US2830965 *Dec 21, 1953Apr 15, 1958Ciba LtdResin solutions suitable for producing bakable coatings
US3028362 *Feb 9, 1959Apr 3, 1962Albert Ag Chem WerkeCopolymerization of acrolein with an epoxy compound in the presence of a thioamide caalyst, and product obtained thereby
US3039979 *Nov 25, 1959Jun 19, 1962Interchem CorpNew polyester resins and coating compositions containing same
GB742532A * Title not available
Referenced by
Citing PatentFiling datePublication dateApplicantTitle
US3269966 *Mar 28, 1963Aug 30, 1966Hercules Powder Co LtdCoating composition
US3335102 *Mar 8, 1963Aug 8, 1967Interchem CorpResinous compositions obtained by copolymerizing a partial ester of a polyhydric alcohol, a monocarboxylic acid and an unsaturated dicarboxylic acid with a vinyl monomer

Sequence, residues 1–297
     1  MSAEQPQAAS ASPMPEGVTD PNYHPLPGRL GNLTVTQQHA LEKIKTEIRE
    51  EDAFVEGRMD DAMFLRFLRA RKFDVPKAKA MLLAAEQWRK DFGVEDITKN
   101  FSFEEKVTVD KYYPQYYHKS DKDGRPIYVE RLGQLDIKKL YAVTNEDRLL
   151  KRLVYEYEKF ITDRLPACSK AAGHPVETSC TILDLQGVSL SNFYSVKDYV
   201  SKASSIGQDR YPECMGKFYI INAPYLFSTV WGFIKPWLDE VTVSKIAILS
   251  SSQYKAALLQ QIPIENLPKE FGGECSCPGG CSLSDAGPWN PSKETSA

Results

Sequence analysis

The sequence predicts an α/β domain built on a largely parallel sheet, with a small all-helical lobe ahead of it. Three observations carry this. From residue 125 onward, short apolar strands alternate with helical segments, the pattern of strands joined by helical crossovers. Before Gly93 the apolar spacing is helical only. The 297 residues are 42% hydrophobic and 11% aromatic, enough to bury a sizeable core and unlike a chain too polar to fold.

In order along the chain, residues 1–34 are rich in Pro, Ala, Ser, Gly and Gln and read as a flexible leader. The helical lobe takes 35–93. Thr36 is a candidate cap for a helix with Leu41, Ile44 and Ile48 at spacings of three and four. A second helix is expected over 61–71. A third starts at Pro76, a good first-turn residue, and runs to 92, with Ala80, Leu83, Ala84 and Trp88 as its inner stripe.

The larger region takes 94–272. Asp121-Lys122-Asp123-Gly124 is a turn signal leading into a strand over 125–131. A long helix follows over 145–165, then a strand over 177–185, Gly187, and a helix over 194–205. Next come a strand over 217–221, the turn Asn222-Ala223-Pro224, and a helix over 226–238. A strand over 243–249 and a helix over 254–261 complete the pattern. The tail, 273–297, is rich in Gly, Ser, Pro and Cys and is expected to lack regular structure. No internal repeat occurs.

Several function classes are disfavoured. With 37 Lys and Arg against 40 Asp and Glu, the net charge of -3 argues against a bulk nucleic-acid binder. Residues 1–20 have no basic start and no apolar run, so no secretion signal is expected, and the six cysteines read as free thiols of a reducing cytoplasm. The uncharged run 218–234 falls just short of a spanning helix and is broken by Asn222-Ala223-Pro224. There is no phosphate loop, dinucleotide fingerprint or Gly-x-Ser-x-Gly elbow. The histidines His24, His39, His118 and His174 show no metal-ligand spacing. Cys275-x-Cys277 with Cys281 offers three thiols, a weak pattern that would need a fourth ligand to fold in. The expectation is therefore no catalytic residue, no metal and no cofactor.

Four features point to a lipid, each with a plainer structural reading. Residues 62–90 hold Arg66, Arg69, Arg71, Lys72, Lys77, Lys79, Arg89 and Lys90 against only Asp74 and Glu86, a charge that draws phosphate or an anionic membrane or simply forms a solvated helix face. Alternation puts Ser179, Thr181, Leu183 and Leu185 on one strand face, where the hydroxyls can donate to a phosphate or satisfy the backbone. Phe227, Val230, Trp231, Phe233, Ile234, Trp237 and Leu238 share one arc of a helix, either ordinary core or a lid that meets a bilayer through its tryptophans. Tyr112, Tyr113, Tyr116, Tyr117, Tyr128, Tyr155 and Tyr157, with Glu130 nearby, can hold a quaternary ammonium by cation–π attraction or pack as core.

US4418182 *Dec 28, 1981Nov 29, 1983Ford Motor CompanyHigh solids coatings from new tetrahydroxy oligomers
Classifications
U.S. Classification525/514, 525/510, 528/295.5
International ClassificationC08L63/00, C08G59/02, C08G63/42
Cooperative ClassificationC08L63/00, C08G63/42, C08G59/02
European ClassificationC08L63/00, C08G63/42, C08G59/02